Even with West Ham needing to chase the game, Aaron Cresswell's first-half dismissal meant Eintracht had the majority of possession, yet they still gave up higher-quality chances. A 10-man West Ham actually generated a higher xG of 1.62 in comparison to the hosts' 1.13 over the 90 minutes.

Nevertheless, Glasner was proud of his team's defensive effort.

“Slowly something is falling into place," he said post-match. "What the team did again was unbelievable. West Ham threw everything in the balance of the game.

"It was a difficult early phase and with West Ham facing elimination we played really well and scored a great goal. In the second half we defended the long balls and set pieces with everything we had.

"We said to the players: 'I don't know if you are the best players or if we are the best coaches. But we are exceptional as a group and together we can be the best.' It was a wonderful evening."

With the win, Eintracht secured their first European final in 42 years, when they won the UEFA Cup in the 1979-80.

Despite a fiercely contested game which saw eight yellow cards and two red cards, including the dismissal of West Ham boss David Moyes, the final whistle saw fans at the Deutsche Bank Park flood the pitch in jubilant scenes.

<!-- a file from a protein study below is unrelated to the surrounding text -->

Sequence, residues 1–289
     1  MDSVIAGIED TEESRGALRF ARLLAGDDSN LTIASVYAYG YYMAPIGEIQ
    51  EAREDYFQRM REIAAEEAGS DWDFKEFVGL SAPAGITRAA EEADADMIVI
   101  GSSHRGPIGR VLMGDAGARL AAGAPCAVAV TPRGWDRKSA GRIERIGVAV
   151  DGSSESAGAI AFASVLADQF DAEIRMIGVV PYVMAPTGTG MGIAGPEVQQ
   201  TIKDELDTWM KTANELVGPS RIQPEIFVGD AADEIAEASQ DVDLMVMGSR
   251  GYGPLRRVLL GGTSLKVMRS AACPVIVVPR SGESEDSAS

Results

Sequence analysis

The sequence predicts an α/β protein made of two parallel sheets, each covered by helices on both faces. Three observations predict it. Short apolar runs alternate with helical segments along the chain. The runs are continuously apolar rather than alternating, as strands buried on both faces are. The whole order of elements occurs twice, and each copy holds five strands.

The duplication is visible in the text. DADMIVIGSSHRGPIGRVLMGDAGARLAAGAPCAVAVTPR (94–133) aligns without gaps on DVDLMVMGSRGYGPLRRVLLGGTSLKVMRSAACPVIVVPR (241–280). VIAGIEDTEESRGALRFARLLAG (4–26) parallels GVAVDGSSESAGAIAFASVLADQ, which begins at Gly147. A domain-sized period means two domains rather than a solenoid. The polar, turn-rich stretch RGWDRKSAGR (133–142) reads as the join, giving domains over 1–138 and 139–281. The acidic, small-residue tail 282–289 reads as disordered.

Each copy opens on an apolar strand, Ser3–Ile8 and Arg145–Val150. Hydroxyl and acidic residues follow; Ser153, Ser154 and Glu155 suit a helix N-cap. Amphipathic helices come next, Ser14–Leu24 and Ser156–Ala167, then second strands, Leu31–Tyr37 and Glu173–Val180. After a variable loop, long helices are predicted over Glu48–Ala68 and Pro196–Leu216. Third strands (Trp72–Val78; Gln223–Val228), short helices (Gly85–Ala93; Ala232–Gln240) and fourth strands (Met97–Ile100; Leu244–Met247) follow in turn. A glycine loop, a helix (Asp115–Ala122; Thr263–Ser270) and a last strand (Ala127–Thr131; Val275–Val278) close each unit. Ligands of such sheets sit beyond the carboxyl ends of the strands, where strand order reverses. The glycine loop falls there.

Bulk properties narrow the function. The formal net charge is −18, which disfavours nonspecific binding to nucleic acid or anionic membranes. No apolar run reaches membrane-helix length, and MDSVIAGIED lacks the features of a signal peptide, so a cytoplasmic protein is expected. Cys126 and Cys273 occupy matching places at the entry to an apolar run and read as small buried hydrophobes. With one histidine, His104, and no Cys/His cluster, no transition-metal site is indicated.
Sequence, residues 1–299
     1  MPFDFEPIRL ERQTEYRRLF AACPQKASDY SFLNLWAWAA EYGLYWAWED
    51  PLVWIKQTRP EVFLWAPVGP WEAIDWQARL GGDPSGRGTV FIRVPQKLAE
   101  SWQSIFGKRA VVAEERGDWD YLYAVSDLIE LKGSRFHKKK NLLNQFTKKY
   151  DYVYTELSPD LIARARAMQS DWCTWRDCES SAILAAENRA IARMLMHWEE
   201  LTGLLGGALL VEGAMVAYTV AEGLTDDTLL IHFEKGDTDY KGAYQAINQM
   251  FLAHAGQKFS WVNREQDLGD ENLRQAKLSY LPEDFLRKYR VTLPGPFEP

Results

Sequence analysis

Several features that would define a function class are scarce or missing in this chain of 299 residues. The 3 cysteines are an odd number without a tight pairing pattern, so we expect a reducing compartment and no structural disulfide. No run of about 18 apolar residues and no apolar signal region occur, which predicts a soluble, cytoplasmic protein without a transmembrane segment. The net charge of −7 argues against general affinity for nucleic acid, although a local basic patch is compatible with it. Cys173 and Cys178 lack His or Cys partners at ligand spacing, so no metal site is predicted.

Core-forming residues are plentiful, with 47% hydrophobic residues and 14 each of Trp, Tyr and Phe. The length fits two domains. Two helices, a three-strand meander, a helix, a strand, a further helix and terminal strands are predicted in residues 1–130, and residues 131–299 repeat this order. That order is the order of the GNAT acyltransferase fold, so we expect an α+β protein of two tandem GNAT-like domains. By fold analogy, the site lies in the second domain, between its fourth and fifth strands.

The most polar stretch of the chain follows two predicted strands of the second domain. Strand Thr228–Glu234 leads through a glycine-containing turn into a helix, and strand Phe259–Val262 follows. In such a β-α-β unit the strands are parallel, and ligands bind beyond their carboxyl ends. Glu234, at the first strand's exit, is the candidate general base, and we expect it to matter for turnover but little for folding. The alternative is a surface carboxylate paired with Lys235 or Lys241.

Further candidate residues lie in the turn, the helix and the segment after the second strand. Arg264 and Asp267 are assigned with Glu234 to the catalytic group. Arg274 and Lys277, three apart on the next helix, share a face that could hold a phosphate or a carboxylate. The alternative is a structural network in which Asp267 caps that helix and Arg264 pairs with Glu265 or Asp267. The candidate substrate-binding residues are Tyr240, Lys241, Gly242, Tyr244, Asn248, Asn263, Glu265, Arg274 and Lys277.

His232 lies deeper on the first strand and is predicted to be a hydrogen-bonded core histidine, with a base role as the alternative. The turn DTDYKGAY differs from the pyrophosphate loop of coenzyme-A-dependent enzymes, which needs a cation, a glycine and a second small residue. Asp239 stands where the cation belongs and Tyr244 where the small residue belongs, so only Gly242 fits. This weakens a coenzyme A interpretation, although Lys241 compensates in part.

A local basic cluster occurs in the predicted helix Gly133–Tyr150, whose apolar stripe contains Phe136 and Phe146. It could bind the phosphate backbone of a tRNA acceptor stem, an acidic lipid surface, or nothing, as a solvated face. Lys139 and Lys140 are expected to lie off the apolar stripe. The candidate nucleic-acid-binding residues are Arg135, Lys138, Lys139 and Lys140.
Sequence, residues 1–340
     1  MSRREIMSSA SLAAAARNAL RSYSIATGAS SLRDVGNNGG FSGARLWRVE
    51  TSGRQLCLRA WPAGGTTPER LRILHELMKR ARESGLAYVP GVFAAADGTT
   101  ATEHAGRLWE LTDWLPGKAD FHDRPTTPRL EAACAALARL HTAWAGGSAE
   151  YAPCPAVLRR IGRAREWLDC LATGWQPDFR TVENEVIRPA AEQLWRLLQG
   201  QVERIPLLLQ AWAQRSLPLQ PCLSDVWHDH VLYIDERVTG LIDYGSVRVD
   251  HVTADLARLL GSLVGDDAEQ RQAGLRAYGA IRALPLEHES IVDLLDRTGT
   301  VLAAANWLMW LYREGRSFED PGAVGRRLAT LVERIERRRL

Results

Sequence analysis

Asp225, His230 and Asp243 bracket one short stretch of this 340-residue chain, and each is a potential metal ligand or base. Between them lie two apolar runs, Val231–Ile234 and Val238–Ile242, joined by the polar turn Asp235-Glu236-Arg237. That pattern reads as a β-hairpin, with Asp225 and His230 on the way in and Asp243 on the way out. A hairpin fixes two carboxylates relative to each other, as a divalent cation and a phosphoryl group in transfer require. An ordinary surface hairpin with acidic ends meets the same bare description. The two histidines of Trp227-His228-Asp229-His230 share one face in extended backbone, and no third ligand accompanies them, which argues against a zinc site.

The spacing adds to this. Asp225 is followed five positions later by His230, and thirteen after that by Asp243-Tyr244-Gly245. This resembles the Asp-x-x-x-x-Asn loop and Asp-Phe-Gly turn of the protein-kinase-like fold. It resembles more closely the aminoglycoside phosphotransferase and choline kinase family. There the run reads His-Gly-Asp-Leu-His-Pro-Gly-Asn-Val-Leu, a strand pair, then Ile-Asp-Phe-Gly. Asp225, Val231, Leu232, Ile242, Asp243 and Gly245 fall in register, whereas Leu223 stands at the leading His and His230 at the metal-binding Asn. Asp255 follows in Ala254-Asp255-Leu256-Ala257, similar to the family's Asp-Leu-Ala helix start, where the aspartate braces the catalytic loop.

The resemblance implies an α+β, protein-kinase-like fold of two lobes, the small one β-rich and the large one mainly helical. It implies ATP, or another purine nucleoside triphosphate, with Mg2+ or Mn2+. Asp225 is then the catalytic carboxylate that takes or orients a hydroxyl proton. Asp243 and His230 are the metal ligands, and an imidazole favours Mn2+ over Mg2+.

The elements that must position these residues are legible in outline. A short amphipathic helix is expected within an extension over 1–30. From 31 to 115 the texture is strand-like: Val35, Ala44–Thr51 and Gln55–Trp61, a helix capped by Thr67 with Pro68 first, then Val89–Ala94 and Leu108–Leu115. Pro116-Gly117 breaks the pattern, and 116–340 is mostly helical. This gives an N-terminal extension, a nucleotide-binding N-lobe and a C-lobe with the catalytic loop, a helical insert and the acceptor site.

Following the match, Glasner did not hide or play down the gravity of the occasion or what awaits in Seville.

"It's the best thing when you can make so many people happy," he said. "There is always tension in the game.

"I saw yesterday that you can lead 1-0 in the 90th minute and then be 2-1 behind two minutes later. If that can happen to Manchester City, it can happen anywhere, anytime. After that, this recognition is wonderful after the final whistle. It's an evening you'll never forget.

“I said in the dressing room that I don’t even know what to say before [Borussia Monchengladbach] in three days. For us, it’s all about this final.”